1. Got cashback incentive from banks? Well, it may be taxable

Got cashback incentive from banks? Well, it may be taxable

With the popularity and value of cashbacks increasing, it is important to analyse the tax implication of these cashbacks in the hands of the individuals.

By: | Updated: October 24, 2016 7:19 AM
With the popularity and value of cashbacks increasing, it is important to analyse the tax implication of these cashbacks in the hands of the individuals. With the popularity and value of cashbacks increasing, it is important to analyse the tax implication of these cashbacks in the hands of the individuals.

A cashback is an incentive programme offered by banks and e-wallet companies as a marketing strategy to acquire customers. Under these programmes, a percentage of your spending is credited back to your account either immediately or after a few days depending on the scheme.

For instance, Mr A makes payment for an Uber ride using his Paytm account. Due to an ongoing cashback scheme, he gets a cashback of Rs 50 on his ride. This cash back of Rs 50 is credited to his Paytm account after he pays the total bill. He can use this credit for his next ride.

A cashback programme is different from a discount scheme. Under a discount scheme, the invoice value of goods purchased is reduced, requiring less payment to be made by the consumer in the first place. But in a cashback programme, credit is received after full payment of the invoice and may be received after a few days.

With the popularity and value of cashbacks increasing, it is important to analyse the tax implication of these cashbacks in the hands of the individuals. Yes, it might come as a surprise to many, but based on the provisions of Income Tax (I-T) Act, cashbacks may be taxable in the hands of individuals.

As per Section 56 of the I-T Act, where an individual receives any sum of money, without consideration, the aggregate value of which exceeds Rs 50,000, the whole of the aggregate value of such sum shall be taxable in the hands of the individual under the head “income from other sources”. Although, in our opinion, cashbacks are post purchase discounts and hence not taxable, based on the provision of Section 56, the tax department may argue that cashbacks credited to the bank account or e-wallet should be taxable.

Since the concept of cashback is fairly new in India, the income tax laws do not specifically provide for the tax treatment of these. However, it is interesting to note here that the IRS in the United States has already considered this issue. According to it, the types of rewards and the way in which you receive them determine whether they are taxable. A cashback programme for using your credit card is treated as if it were actually a post-purchase discount and hence not taxable. However, a credit card reward programme that offer large sign-up bonuses is considered as taxable income.

Currently, there is no litigation on taxability of cashbacks in India. However, it is possible that the tax authorities may start issuing notices and attempt to tax cashbacks. We only hope that before this starts the tax authorities issue clarifications on the same.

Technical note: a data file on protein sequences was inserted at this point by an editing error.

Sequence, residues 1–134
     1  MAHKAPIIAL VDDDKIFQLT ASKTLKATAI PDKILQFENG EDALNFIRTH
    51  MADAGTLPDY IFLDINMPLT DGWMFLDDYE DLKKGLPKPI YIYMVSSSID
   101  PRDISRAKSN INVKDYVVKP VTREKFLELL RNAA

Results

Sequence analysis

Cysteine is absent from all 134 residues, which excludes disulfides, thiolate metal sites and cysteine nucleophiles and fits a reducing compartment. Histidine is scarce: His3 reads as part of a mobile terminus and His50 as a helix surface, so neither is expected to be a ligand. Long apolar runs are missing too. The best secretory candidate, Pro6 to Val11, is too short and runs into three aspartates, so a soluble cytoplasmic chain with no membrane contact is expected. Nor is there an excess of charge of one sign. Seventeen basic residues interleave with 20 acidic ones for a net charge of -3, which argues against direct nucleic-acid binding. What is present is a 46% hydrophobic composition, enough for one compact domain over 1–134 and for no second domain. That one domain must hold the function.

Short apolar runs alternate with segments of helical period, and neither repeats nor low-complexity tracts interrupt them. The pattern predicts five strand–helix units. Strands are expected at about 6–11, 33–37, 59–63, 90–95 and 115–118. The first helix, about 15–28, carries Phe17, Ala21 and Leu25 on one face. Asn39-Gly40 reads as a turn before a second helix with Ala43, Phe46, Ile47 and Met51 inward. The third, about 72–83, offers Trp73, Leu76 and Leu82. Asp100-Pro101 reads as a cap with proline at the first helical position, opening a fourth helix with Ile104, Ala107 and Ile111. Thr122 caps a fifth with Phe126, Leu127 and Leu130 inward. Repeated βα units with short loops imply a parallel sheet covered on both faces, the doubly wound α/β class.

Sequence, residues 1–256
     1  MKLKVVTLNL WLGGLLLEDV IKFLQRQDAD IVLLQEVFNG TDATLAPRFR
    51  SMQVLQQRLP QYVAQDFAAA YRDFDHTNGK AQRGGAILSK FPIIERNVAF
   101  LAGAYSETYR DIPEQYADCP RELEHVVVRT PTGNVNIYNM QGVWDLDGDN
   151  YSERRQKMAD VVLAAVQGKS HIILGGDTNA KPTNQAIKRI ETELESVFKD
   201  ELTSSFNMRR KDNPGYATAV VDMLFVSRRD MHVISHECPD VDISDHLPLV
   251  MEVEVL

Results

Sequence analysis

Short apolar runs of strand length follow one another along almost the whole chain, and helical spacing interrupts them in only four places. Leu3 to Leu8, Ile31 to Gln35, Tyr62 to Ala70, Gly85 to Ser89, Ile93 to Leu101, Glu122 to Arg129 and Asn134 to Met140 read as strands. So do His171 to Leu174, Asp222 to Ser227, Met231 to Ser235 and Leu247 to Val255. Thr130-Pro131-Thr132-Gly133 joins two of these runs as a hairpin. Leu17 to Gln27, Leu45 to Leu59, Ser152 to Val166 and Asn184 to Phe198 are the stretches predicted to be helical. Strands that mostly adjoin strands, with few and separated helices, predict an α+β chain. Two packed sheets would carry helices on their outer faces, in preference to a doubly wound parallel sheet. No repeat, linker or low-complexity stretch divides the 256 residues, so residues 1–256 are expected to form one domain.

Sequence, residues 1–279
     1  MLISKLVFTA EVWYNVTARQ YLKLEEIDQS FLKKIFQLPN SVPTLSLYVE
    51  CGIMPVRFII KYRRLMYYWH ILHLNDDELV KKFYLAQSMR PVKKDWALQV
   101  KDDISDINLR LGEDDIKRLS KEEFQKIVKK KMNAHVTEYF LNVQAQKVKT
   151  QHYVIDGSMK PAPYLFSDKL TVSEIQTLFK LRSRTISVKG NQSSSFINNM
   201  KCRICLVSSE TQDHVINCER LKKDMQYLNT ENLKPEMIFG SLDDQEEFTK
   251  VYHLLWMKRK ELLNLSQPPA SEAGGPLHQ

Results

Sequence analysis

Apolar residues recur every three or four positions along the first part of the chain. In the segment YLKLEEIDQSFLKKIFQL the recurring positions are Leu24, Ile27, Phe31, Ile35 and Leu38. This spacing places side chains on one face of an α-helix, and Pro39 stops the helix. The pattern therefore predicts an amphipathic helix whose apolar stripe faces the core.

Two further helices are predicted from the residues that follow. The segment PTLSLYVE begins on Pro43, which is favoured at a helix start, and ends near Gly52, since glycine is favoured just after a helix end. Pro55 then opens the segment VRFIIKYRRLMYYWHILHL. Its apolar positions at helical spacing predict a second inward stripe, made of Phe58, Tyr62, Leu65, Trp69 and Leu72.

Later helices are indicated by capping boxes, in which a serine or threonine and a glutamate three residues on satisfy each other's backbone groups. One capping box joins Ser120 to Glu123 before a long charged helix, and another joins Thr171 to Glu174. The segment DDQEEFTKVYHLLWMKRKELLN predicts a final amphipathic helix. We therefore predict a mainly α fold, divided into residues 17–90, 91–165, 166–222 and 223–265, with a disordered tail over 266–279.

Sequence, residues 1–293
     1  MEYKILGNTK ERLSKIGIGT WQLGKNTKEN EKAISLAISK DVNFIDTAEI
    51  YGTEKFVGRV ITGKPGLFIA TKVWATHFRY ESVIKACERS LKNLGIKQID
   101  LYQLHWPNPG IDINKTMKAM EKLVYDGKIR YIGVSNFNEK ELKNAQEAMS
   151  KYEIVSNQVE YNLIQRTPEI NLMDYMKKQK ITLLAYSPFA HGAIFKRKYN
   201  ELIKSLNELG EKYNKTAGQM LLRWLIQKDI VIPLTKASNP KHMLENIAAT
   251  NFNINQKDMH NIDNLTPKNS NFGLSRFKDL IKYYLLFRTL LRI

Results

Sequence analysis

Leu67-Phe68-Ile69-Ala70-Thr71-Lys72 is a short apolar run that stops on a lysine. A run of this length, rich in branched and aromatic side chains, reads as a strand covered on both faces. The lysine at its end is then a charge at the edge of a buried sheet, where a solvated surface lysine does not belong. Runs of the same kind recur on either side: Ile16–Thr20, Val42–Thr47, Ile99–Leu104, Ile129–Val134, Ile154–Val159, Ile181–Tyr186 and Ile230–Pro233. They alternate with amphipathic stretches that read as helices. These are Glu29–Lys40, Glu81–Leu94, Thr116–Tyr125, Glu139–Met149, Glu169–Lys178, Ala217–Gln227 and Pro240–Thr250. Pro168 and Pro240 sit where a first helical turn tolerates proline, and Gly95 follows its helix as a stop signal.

The writer is partner Nangia & Co. With inputs from Neetu Brahma, manager, Nangia & Co

  1. S
    Shekar
    Oct 24, 2016 at 5:37 am
    This is a regressive tax practice.It amounts to Expenditure Tax, The Finance Ministry must immediately ure the consumers that the cashback facility will be completely tax free. This type of taxation works contrary to the economic definition of utility as the satisfying capacity of a commodity or service. When countries facing recession are contemplating stimulus package to spur growth in economy, it will be unwise to tax the cashback incentive in the hands of consumers for further spending as a booster dose to economic growth is like killing the goose that lays golden eggs. Administratively also it will become a bersome exercise to tax petty incentives on transaction to transaction basis for the tax collector and tax payers. Consumer protection groups must pressure the government to keep such incentives on spending outside the tax net and amend Section 56 of the IT Act suitably to avoid conflicting interpretations..
    Reply
    1. S
      Shekar
      Oct 24, 2016 at 5:41 am
      This is a regressive tax practice.It amounts to Expenditure Tax.The Finance Ministry must immediately ure the consumers that the cashback facility will be completely tax free. This type of taxation works contrary to the economic definition of utility as the satisfying capacity of a commodity or service. When countries facing recession are contemplating stimulus packages to spur growth in economy through public spending, it will be unwise to tax every cashback incentive in the hands of consumers that are not exchanged for cash but used only for further spending as a booster dose to economic growth, is like killing the goose that lays golden eggs. Administratively also it will become a bersome exercise to tax petty incentives on transaction to transaction basis for the tax collector and tax payers. Consumer protection groups must pressure the government to keep such incentives on spending outside the tax net and amend Section 56 of the IT Act with better clarity to avoid conflicting interpretations..
      Reply

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